NZIFF: Animals director Sophie Hyde on sex scenes, sexism and storytelling

When director Sophie Hyde was pitching her film Animals, a look at the dynamics of a female 30-something friendship, she was told the format was all wrong. 

"The comments that I actually had were: 'Look, we tried a film about women five years ago, and it didn't work for us'," she told Newshub. 

"I just can't even imagine someone saying that about a film starring men. For some reason, women are put into a minority category. An 'other' category, not the neutral." 

Holliday Grainger and Alia Shawkat play Laura and Tyler respectively, each one half of a close alliance that borders on co-dependency. 

Caught between a life of indulgence and the impending doom of adulthood, their bond is tested when Laura meets a tee-totalling boyfriend who threatens their plans for eternal hedonism.

In Animals, Grainger, Shawkat and Hyde help bring to life the novel of the same name written by Emma Jane Unsworth, who went on to pen the screenplay. 

The four women present a formidable filmmaking force - albeit one that sometimes pulls focus for the wrong reasons. 

"I will be really happy to be called a 'female filmmaker' when my peers are called 'male filmmakers'," Hyde said.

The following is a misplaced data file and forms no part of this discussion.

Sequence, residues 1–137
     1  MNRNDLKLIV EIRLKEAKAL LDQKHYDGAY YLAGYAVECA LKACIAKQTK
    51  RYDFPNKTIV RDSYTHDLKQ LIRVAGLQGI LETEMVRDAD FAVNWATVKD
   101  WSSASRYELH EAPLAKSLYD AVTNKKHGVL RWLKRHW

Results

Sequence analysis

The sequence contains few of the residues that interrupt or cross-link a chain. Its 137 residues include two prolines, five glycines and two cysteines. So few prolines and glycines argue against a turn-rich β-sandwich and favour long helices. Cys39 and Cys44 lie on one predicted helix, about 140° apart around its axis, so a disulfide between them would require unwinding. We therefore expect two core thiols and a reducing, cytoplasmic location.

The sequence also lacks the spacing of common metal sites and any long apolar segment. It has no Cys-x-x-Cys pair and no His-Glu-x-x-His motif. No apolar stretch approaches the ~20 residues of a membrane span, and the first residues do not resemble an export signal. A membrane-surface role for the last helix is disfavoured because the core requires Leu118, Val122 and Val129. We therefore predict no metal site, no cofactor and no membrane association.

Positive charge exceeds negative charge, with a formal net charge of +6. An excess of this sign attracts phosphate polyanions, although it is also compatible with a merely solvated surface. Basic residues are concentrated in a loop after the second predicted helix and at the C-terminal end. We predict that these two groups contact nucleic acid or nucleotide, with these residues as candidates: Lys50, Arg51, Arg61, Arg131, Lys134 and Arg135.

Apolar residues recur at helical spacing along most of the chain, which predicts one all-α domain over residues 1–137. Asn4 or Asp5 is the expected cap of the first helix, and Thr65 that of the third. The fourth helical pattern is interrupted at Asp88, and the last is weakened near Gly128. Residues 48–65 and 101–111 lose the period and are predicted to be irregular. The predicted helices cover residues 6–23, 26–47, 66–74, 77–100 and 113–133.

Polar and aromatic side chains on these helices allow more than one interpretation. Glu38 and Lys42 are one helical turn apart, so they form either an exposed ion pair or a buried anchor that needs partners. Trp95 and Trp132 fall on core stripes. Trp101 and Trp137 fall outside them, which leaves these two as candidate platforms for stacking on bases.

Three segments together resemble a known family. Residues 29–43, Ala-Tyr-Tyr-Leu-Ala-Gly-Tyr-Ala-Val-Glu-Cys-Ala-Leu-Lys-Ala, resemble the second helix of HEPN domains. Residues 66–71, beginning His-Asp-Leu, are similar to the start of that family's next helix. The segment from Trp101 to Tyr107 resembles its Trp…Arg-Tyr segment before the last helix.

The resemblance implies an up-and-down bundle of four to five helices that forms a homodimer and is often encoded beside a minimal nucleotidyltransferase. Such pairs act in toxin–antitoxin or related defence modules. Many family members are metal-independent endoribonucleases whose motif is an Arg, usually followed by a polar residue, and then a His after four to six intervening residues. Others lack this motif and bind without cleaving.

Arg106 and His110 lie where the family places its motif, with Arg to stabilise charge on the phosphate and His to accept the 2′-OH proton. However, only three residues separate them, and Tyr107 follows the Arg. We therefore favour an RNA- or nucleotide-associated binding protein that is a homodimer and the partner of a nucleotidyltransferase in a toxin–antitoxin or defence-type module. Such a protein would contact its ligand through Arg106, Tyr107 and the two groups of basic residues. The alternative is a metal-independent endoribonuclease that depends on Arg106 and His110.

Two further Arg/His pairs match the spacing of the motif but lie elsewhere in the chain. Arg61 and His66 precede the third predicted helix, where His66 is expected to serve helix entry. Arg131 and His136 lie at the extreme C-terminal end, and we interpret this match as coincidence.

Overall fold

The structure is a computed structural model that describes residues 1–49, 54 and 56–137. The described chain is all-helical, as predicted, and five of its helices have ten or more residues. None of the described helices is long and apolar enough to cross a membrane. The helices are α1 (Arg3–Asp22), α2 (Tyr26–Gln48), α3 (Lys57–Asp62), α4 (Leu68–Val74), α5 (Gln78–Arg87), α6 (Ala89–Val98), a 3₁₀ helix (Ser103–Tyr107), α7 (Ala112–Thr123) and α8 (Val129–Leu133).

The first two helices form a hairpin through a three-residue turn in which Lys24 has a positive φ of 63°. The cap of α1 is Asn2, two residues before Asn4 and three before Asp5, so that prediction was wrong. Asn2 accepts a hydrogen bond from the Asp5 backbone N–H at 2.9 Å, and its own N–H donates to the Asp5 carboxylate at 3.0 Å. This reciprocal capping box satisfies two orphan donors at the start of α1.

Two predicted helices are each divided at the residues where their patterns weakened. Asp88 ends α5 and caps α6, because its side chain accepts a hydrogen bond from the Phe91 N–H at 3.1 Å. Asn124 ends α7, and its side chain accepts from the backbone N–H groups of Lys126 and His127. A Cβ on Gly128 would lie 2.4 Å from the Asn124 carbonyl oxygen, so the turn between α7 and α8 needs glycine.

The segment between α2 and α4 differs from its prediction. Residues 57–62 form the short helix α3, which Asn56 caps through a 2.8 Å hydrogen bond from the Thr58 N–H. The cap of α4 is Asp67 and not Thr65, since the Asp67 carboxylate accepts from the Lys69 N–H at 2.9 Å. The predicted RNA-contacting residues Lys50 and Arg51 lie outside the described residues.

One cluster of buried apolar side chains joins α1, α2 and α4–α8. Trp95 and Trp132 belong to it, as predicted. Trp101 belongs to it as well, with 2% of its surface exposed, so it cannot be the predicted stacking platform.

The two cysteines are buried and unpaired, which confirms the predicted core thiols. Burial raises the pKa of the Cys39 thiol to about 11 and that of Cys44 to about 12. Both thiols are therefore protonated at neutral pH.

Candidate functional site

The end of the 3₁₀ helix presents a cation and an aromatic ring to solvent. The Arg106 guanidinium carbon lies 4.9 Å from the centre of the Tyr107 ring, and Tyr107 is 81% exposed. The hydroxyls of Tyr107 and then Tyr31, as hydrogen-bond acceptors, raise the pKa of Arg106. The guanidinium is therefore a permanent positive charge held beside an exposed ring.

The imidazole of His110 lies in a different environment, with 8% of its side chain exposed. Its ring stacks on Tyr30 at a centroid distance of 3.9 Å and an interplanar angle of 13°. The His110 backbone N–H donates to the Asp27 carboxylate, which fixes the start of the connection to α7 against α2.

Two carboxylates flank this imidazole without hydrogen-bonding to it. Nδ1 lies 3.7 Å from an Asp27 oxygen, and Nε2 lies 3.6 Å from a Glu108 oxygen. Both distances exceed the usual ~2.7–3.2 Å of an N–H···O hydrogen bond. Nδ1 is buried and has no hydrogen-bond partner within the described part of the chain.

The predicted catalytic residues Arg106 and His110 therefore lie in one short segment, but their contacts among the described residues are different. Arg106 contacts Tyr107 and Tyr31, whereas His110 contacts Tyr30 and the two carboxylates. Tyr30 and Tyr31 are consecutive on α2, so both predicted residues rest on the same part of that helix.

"When they get questioned about being a 'male filmmaker'." 

There's a bubbling frustration that comes with women in movies being persistently placed in a "genre of our own", Hyde adds. 

The pursuit of a creative existence free from judgment and restrictions is one that is echoed in the struggle of the central characters. They're at once smart and sordid, ambitious and morally ambiguous.  

The impending doom of the dreaded thirties looms over the film - and it's a feeling many audience members will relate to. 

"As women we're told that how we look visually is the most important thing about us, so if we start to age, that's trouble," Hyde says. 

"But the truth of it is that it just gets more interesting, life." 

Watch the video to hear more about one of the 2019 New Zealand International Film Festival's most exciting additions, and what went into making it.